Schizophrenia patients exhibit deficits in signaling of the M1 subtype of muscarinic acetylcholine receptor (mAChR) in the prefrontal cortex (PFC) and also display impaired cortical long-term depression (LTD). We report that selective activation of the M1 mAChR subtype induces LTD in PFC and that this response is completely lost after repeated administration of phencyclidine (PCP), a mouse model of schizophrenia. Furthermore, discovery of a novel, systemically active M1 positive allosteric modulator (PAM), VU0453595, allowed us to evaluate the impact of selective potentiation of M1 on induction of LTD and behavioral deficits in PCP-treated mice. Interestingly, VU0453595 fully restored impaired LTD as well as deficits in cognitive function and social interaction in these mice. These results provide critical new insights into synaptic changes that may contribute to behavioral deficits in this mouse model and support a role for selective M1 PAMs as a novel approach for the treatment of schizophrenia.
Of the eight metabotropic glutamate (mGlu) receptor subtypes, only mGlu7 is expressed presynaptically at the Schaffer collateral (SC)-CA1 synapse in the hippocampus in adult animals. Coupled with the inhibitory effects of Group III mGlu receptor agonists on transmission at this synapse, mGlu7 is thought to be the predominant autoreceptor responsible for regulating glutamate release at SC terminals. However, the lack of mGlu7-selective pharmacological tools has hampered direct testing of this hypothesis. We used a novel, selective mGlu7-negative allosteric modulator (NAM), ADX71743, and a newly described Group III mGlu receptor agonist, LSP4-2022, to elucidate the role of mGlu7 in modulating transmission in hippocampal area CA1 in adult C57BL/6J male mice. Interestingly, although mGlu7 agonists inhibit SC-CA1 EPSPs, we found no evidence for activation of mGlu7 by stimulation of SC-CA1 afferents. However, LSP4-2022 also reduced evoked monosynaptic IPSCs in CA1 pyramidal cells and, in contrast to its effect on SC-CA1 EPSPs, ADX71743 reversed the ability of high-frequency stimulation of SC afferents to reduce IPSC amplitudes. Furthermore, blockade of mGlu7 prevented induction of LTP at the SC-CA1 synapse and activation of mGlu7 potentiated submaximal LTP. Together, these data suggest that mGlu7 serves as a heteroreceptor at inhibitory synapses in area CA1 and that the predominant effect of activation of mGlu7 by stimulation of glutamatergic afferents is disinhibition, rather than reduced excitatory transmission. Furthermore, this mGlu7-mediated disinhibition is required for induction of LTP at the SC-CA1 synapse, suggesting that mGlu7 could serve as a novel therapeutic target for treatment of cognitive disorders.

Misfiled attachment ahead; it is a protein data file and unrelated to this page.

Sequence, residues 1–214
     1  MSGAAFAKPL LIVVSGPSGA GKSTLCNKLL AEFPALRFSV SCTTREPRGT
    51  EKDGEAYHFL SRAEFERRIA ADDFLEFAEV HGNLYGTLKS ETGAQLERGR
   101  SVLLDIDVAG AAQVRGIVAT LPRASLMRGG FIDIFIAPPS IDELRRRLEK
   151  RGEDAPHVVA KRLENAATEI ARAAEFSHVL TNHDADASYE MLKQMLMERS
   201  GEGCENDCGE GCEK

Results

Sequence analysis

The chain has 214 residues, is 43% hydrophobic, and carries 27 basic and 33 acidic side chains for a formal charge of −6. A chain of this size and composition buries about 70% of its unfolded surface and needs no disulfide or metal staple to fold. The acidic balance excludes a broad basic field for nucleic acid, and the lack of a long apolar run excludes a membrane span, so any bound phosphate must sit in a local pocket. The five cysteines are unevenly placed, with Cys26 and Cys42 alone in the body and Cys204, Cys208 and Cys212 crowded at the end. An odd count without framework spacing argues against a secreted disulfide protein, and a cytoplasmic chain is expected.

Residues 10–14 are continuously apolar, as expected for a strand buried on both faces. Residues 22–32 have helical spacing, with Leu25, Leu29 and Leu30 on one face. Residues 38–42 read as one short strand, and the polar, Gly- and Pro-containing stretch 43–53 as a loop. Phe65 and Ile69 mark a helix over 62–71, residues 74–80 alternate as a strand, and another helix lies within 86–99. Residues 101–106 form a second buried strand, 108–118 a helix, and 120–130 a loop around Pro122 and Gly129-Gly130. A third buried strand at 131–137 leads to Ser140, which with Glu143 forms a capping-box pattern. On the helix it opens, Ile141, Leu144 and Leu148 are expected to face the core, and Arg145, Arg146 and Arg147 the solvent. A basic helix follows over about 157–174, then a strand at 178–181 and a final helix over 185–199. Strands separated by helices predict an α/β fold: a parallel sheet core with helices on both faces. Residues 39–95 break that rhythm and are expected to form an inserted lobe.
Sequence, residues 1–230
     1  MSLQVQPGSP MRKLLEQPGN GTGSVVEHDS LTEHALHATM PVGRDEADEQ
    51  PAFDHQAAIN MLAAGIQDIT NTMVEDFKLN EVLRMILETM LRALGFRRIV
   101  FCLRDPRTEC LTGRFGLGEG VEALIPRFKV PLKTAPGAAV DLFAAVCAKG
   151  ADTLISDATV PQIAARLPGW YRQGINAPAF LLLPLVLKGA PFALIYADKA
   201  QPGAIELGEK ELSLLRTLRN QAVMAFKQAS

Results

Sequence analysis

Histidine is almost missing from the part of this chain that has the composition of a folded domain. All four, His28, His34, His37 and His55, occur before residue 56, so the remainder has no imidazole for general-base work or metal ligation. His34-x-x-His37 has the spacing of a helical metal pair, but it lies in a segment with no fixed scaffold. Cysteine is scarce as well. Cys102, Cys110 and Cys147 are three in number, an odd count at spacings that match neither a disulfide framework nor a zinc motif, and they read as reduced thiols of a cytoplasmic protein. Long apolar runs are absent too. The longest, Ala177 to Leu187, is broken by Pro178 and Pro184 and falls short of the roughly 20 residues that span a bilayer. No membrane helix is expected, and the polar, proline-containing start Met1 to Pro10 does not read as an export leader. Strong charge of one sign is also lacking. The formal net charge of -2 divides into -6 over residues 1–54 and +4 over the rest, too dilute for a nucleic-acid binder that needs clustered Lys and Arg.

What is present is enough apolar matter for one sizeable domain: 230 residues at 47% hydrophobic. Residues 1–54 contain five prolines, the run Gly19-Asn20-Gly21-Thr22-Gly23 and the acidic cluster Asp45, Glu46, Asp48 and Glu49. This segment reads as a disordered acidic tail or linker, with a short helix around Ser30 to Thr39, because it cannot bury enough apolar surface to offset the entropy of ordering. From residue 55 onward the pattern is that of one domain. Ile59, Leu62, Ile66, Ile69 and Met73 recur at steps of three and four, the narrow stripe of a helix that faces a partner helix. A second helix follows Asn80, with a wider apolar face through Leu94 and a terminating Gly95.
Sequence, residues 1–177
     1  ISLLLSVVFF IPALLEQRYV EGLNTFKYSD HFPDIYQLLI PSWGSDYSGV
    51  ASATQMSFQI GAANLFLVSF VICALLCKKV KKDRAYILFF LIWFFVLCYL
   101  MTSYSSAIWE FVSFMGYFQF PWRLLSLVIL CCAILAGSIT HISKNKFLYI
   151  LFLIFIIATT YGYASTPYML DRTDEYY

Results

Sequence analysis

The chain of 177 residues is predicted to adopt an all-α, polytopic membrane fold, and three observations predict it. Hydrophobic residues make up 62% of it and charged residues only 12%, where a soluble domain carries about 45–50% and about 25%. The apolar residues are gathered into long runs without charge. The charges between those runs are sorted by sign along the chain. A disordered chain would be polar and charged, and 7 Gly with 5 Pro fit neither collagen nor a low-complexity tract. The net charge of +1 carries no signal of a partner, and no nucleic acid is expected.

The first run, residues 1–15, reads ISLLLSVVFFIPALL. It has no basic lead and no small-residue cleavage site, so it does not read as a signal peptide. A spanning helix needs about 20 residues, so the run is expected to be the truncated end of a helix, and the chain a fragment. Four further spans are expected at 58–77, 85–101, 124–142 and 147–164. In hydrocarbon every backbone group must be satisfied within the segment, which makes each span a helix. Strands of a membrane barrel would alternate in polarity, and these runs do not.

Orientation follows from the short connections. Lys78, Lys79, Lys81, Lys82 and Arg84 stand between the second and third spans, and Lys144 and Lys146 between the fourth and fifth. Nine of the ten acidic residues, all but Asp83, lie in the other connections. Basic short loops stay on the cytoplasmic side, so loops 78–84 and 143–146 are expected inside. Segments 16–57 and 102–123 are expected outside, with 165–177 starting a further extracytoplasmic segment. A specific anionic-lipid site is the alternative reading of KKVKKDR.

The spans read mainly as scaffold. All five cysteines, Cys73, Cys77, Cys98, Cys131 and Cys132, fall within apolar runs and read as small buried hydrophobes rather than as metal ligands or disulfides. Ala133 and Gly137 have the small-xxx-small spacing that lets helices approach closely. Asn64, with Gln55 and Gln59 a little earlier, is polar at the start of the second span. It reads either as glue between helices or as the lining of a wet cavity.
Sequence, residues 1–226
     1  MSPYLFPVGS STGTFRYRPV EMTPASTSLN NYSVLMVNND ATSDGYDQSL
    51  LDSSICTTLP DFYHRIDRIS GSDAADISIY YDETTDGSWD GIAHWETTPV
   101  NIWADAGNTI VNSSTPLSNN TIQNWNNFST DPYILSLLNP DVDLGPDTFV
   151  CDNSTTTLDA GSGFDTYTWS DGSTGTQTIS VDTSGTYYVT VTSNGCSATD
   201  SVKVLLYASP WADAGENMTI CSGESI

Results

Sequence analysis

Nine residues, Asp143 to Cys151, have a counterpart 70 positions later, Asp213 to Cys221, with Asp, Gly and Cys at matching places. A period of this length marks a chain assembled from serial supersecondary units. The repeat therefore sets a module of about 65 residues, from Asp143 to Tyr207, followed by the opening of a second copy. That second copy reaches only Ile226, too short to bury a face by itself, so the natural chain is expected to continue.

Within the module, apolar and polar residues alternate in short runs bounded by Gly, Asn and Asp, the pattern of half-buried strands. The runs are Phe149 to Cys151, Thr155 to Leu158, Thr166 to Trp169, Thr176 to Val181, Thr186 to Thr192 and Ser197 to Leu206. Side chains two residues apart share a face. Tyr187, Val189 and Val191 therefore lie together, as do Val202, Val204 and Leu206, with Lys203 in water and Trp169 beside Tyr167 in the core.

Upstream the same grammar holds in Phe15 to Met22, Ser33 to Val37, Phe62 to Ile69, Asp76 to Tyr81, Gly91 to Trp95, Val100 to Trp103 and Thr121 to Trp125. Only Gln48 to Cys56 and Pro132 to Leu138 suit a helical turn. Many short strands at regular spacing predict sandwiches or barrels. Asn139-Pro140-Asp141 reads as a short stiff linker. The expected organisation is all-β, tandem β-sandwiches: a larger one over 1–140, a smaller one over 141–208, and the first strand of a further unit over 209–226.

Copyright © 2015 the authors 0270-6474/15/357600-16$15.00/0.
To examine the interaction between molecular, electrical and behavioral circadian rhythms, we combined optogenetic manipulation of suprachiasmatic nucleus (SCN) firing rate with bioluminescence imaging and locomotor activity monitoring. Manipulating firing rate reset circadian rhythms both ex vivo and in vivo, and this resetting required spikes and network communication. This suggests that SCN firing rate is fundamental to circadian pacemaking as both an input to and output of the molecular clockworks.